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'The Good Wife' recap: The agony and the ecstasy

February 16, 2011 |  8:20 am


As wonderful as "The Good Wife" is, it also can be one of the most vexing shows on television. Tuesday night's episode, which featured some of the best writing and acting I've ever seen on the show, also included a long, silly R-rated sexual interlude and ended with Alicia's predictably disastrous confrontation with Will. It's a prime example of why "The Good Wife" makes for such thrilling, if frustrating, viewing -- and yes, those two things are probably related. 

Let's begin with the "case of the week," which in this episode isn't so much "inspired by the headlines" as it is a direct cut and paste.  Diane gets a call from Viola (played by Rita Wilson, the latest biggish name to guest star), a lady lawyer pal out in California (while we're on the subject, did the green-screen palm trees bother anyone else?).  She's representing Patric Edelstein (Jack Carpenter), a twentysomething programming whiz and internet bajillionaire.  He's also the subject of a new biopic that plays fast and loose with the story of his life. No points for guessing this case is inspired by/based on "The Social Network" and Mark Zuckerberg. Edelstein is suing the studio for defamation, and Viola wants to outsource depositions to Lockhart, Gardner & Bond because, as Diane explains to Will, Illinois is more favorable to defamation suits.

Oftentimes, the case of the week is the weakest aspect on "The Good Wife," though that's usually only when it's a more run-of-the-mill murder situation (those are such a drag, am I right?). I enjoy the show the most when episodes have a case of the week inspired by real-life political or cultural issues -- such as the Cameron Todd Willingham execution in Texas, or the Muhammad cartoon controversy. Some of these episodes have almost a cheat-sheet quality, like just by watching them I get a primer on certain legal issues. Will decides to change the legal strategy in the Edelstein case, suing for "right of publicity" rather than defamation. Since the studio used Edelstein's public profile and name recognition to sell merchandise and sign lucrative product-placement deals, he has a right to the profits. The studio argues, unconvincingly, that the film is a "transformative work of art" and not merely a commercial product.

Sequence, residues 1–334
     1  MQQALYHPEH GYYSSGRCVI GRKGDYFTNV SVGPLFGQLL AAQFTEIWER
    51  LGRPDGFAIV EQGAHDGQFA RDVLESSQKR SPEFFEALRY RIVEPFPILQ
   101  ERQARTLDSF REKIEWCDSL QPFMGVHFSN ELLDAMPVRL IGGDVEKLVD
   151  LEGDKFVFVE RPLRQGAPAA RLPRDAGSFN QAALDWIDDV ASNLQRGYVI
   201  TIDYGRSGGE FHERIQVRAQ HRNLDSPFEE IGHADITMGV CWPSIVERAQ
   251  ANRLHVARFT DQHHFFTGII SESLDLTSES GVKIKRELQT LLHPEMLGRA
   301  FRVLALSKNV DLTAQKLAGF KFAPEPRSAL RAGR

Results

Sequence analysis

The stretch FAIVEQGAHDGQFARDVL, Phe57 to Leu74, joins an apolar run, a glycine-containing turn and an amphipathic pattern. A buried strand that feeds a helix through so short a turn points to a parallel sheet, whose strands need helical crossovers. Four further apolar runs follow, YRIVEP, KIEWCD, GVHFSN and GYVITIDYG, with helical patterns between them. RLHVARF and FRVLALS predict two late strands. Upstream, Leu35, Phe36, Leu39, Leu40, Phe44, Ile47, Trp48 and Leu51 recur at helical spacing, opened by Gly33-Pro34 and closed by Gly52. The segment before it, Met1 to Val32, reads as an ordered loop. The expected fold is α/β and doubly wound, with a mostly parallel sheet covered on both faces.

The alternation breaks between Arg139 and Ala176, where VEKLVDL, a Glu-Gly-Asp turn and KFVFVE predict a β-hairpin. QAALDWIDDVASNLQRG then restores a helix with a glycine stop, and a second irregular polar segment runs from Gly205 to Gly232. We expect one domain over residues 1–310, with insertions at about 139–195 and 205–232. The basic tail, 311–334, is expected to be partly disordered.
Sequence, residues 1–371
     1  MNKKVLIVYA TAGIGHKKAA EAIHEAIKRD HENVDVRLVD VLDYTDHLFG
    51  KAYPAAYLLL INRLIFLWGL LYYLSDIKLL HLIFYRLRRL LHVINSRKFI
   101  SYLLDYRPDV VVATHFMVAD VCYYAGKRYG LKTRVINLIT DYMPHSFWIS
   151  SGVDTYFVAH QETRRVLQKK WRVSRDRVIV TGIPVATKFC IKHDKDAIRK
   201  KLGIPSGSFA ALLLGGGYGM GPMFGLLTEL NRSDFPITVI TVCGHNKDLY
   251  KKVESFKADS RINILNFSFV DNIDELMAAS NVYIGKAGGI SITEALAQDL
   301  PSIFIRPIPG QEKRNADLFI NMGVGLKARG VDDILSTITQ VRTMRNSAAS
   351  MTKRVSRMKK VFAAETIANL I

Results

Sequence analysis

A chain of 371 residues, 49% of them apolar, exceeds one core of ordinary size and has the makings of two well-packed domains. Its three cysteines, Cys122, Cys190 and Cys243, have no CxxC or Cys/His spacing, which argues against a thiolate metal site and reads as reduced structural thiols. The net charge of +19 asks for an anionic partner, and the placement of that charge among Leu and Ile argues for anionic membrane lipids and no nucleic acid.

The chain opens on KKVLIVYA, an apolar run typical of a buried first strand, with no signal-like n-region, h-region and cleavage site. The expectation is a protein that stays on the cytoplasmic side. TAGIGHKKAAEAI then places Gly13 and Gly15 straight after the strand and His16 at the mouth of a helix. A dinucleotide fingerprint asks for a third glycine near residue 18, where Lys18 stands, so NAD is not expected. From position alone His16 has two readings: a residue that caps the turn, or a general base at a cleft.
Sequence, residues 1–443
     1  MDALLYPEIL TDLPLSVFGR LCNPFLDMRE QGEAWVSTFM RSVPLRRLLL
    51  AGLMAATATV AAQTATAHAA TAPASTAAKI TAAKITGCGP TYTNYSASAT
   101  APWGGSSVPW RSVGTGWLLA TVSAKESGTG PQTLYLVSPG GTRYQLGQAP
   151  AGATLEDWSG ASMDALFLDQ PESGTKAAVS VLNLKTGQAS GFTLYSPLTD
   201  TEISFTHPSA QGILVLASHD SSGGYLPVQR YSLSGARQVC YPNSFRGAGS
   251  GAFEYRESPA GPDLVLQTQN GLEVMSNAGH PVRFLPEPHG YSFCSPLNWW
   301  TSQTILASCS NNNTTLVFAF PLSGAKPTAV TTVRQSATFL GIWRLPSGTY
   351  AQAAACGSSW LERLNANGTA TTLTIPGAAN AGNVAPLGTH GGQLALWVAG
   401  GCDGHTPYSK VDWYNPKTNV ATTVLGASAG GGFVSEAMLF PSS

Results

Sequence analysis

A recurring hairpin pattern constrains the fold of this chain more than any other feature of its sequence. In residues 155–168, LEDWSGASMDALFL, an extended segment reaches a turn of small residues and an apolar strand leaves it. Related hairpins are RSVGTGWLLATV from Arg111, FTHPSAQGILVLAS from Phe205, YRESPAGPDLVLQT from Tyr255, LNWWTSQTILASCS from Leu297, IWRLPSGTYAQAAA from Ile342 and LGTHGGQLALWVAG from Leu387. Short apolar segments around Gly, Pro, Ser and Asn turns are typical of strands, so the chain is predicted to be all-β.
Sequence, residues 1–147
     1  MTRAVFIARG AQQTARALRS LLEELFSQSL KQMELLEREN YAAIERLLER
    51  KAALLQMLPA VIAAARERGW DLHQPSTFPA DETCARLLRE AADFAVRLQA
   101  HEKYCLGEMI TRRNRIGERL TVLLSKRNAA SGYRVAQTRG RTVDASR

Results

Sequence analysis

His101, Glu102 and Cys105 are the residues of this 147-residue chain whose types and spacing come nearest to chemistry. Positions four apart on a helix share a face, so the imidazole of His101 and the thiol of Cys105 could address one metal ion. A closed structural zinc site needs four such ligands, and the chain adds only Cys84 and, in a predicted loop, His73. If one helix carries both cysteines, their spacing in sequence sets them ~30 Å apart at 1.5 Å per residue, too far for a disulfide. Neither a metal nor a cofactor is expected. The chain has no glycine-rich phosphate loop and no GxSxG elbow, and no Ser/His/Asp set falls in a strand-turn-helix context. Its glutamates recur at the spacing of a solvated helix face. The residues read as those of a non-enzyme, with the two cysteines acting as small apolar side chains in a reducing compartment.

Lockhart Gardner & Bond's victory is sealed when Will asks the car-company executive the pivotal question: Would they have paid for product placement if the movie had been about a fictional computer programmer?  Studio lawyer Burl Preston (played by the wonderful F. Murray Abraham, a.k.a. Salieri in "Amadeus") immediately folds. There's plenty to consider here: "narrative truth" versus the facts, art versus commerce, the right to privacy versus the right to free expression.

The scene in which Will takes deposition from the film's screenwriter, Rand Blaylock (Stephen Kunken), is one of the smartest discussions I've heard regarding "The Social Network."  Like "Social Network" writer Aaron Sorkin, Rand is contemptuous of Internet culture and, like Sorkin, has struggled with drugs. "This whole movie was my attempt to get back at the Internet," he admits. Just when I thought there wasn't anything else to say on the subject of this exhaustively discussed film, "The Good Wife" proves me wrong. It's also interesting that this episode, which questions the right of the artist to take liberties with someone else's life story, was doing exactly the same thing. At one point, Rand dismisses Will's criticisms, daring him to "write your own movie making fun of me and get Mr. Edelstein to finance it." If Mark Zuckerberg were planning to finance a critical Aaron Sorkin biopic, he can probably save his pennies for something else. Now the question is, should Aaron Sorkin be upset that "The Good Wife" stole "his story" and depicted him as an egomaniac?  Whatever the case may be, it's only appropriate that this show, where technology is so often the foe, should weigh in on the definitive movie about the Internet era.